- Change passwords: This is probably the most annoying of these three practices, and I confess that it aggravates me to have to do. However, changing passwords periodically is one of the best ways to prevent misuse of a password that is unknowingly (or even deliberately) disclosed.
Utilize Automatic Updates
Unpatched operating systems and out of date virus definitions are like the gimpy prey of a flock; they are the first to be targeted by the hunter. Many computer viruses and other exploits rely on software vulnerabilities that are typically patched within days or weeks. However, it is not at all unusual for me to see network servers out of date by more than a year. Another common problem is for antivirus subscriptions to expire, preventing the virus definitions from updating.
Every program loaded on a computer is a potential vulnerability. The fewer of them there are, the better. A typical Windows PC has loads of “crap-ware” installed on them that can and should be removed using the Add/Remove Programs option in Control Panel. Additionally, there are Windows Components (e.g. Messenger, Media Player) that should be removed if not used. Finally, there are usually Windows Services running by default that are not used. This particular cleanup is generally left to computer professionals, as it is not always obvious which of these is required and disabling the wrong service can lead to “unexpected behavior.”
There are many reasons for establishing written computer and internet policies for employees. One, of course, is legal liability for the employer. The other is (or at least should be) educational. It’s not enough to write up these policies; they need to be presented and explained in an open environment to ensure that they are understood and appreciated. These policies go far beyond telling users they can’t surf porn on the company’s computers. They need to include things like proper care and usage of portable storage devices, remote access procedures and policies, e-mail policies, etc… You can find a list of templates at the SANS Security Policy Project web site.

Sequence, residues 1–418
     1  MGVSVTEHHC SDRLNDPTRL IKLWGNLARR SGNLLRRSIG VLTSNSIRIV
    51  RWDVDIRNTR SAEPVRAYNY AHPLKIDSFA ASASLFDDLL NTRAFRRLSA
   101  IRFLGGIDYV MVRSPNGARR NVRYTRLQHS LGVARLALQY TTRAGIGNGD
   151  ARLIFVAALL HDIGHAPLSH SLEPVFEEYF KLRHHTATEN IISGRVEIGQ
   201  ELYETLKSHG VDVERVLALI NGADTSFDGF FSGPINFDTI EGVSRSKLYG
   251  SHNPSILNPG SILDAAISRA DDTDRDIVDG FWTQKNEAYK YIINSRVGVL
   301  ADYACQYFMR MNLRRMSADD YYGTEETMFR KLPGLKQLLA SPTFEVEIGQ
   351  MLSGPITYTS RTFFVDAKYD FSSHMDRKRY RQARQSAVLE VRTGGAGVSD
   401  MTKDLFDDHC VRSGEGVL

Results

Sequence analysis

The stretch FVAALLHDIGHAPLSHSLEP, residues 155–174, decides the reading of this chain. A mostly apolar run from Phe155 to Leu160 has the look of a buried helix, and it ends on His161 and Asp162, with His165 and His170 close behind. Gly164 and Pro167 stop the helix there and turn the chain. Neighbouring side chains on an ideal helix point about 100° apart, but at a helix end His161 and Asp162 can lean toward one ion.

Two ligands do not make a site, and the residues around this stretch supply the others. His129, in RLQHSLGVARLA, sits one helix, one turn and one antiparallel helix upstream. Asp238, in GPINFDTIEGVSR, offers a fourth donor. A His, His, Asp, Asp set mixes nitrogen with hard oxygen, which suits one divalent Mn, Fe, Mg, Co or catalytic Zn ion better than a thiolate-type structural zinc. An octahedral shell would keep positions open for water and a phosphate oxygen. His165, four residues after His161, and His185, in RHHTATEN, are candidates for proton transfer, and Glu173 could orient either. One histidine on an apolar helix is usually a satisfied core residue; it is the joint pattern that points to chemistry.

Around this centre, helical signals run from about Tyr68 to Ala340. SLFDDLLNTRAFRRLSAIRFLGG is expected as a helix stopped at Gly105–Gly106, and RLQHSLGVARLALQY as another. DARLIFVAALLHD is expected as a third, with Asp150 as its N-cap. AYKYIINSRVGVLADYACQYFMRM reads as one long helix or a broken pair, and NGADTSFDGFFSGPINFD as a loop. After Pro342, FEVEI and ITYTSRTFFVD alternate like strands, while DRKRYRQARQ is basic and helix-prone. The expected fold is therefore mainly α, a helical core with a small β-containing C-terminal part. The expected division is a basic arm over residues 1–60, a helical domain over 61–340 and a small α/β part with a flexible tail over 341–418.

Protect Sensitive Information
Insiders and subcontractors are another major vulnerability and care must be taken to provide information necessary for them to do their jobs, but no more. This is especially true of subcontractors, of which I am one, who are frequently given and/or create sensitive documents, diagrams, lists, and other data. It is important to establish guidelines for its use to ensure that the information is handled with care and returned or disposed of when the job is complete. As incredible as it sounds, a subcontractor published a complete schematic of Pearl Harbor Naval Base’s power monitoring control system in a white paper available publically on the Internet (I just checked and the information has apparently been removed).
The Bonus Round
What is the hacker’s #1 tool of the trade? I’ll give you a hint; it has nothing to do with computers. It’s called Social Engineering and you can read more of it in my blog, “The Hacker as a Magician.”
Feel free to share your own anecdotes and pearls of wisdom on the subject. What are some of the head-shaking moments you’ve witnessed? Are there any “doh!” moments you care to share?
Credits and citations: